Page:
My paternal grandfather, Ralph Patteson Cobbold, was a case! He was a small and often mischevous man, who always wore a beret (unusual in the England of the 1950's, when I remember him). He was as tough as nails and led an adventurous life, having served in India in the Rifle Brigade, as well as in several other places, including the first World War in the Somme, which he survived. During his time in India he went on a year-long "walkabout", ostensibly on a hunting expedition, in and around the Pamirs, in that shady area where Afghanistan, India, Pakistan, China and Russia come together and vie with one other (and, in those days, with the British Empire) through rival tribes for power and influence. In 1900 he wrote a book (called "Innermost Asia") about the year he spent wandering around this very remote area, officially hunting mountain sheep and tigers, but in fact almost certainly acting as a spy for the British government. At one point the Russians must have tumbled to what he was up to and put him under house-arrest, but he manged to get away. He was given a DSO for his exploits. Here he is at that time (nice coat!):

This was in 1899, and at one point they slept in yurts at minus 27 degrees (the coat must have come in handy). Towards the end of the book he says "it is time to return home as I have no leather left on the soles of my boots".

When, as a child, I asked my father why my grandfather never spoke about the First World War, my father placed me in front of a photograph of my grandfathers' regiment of the Green Jackets (as the Rifle Brigade were known), posing for a group photograph before leaving for the Somme and told me to count the men in the picture. I think I got to about 70. He then told me that just 7 of them returned to England, and that was why my grandfather would never talk about that.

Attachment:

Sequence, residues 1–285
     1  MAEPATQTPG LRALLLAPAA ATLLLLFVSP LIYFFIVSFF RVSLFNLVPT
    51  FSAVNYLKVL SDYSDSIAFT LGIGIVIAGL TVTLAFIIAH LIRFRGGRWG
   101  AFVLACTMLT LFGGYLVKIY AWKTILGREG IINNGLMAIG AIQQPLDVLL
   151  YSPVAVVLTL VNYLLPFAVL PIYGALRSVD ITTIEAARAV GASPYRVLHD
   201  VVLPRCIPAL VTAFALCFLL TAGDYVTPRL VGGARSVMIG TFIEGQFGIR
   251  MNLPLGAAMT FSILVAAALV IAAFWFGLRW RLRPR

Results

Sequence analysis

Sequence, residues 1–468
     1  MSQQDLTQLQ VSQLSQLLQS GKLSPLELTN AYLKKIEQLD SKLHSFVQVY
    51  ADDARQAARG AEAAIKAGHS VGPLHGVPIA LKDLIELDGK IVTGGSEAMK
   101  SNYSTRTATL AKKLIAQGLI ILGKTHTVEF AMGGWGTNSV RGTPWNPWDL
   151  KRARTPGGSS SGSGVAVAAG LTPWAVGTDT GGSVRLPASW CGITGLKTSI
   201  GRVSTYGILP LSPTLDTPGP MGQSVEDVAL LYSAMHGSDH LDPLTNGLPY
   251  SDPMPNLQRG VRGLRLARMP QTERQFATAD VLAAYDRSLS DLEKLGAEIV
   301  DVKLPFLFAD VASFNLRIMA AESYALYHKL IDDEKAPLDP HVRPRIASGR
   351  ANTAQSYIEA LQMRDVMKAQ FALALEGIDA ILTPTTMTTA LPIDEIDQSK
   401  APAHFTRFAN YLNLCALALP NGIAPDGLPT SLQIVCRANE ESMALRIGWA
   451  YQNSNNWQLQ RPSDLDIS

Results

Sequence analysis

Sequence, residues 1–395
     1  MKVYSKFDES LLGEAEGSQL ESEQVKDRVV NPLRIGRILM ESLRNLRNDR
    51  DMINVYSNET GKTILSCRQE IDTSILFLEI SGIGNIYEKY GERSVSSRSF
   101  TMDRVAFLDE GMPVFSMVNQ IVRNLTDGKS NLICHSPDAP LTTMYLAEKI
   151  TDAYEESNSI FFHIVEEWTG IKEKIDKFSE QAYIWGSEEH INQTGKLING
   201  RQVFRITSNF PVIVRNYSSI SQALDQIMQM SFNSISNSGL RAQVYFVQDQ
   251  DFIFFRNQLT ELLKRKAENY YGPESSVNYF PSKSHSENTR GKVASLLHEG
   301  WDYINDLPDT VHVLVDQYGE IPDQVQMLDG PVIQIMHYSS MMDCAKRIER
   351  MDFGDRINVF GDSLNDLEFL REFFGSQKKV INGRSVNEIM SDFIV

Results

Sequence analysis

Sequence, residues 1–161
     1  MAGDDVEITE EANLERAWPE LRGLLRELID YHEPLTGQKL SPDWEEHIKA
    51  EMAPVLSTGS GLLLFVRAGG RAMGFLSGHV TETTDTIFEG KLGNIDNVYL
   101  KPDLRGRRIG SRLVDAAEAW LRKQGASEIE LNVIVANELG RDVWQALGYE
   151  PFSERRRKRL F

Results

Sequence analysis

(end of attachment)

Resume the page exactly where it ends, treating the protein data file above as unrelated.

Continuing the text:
My maternal grandfather was also a professional soldier, although of a far more regular kind. The Hon. Everard Humphrey Wyndham served for a long time in the Life Guards, and won the Military Cross. He also survived the First World War, having started as a captain and finishing as a major. He bacame a Lieutenant-Colonel in 1933 when he also became commanding officer of the Life Guards. He was aide-de-camp to King George VI during the second world war. He was always known as "the colonel". I don't have a photograph of him, but here is a picture of some Life Guards (they are Britain's oldest surviving regiment).

His eldest son, David Wyndham (my uncle), served in the 2nd battalion of the King's Royal Rifle Corps (aka the 60th Rifles) and, having previously fought in Egypt, was killed after the Normandy invasion during the Second World War, in the battle for the Falaise Gap, which succeeded in cutting off a large chunk of the German army in Normandy. My father, Ralph Hamilton Cobbold, survived (luckily for me!) the Normandy invasion, during which he served with the Coldstream Guards in the Guards Armoured Division, finishing with the rank of Major.

Today I think of these people, and so many others.

9 Nov 2010

Girls on motorcycles

I like to see ladies on motorcycles. Here are a few, and not of the pin-up kind (although they are indeed beautiful)...

Above are the Van Buren sisters, who rode from New York to California in 1916, often on dirt roads. It took them 2 months.

Below is Elspeth Beard, who, when an architectural student, became the first Englishwoman to ride around the world on a motorbike, in 1984 (at the time a second-hand ten-year old BMW R60). She survived an almost fatal crash in Australia and returned to become an architect.

And to finish on a more sporty note, a girl on a beautiful HRD-Vincent at a race meeting somewhere. I don't know her name, but she looks like she means business...

More power to them, and watch this space for more...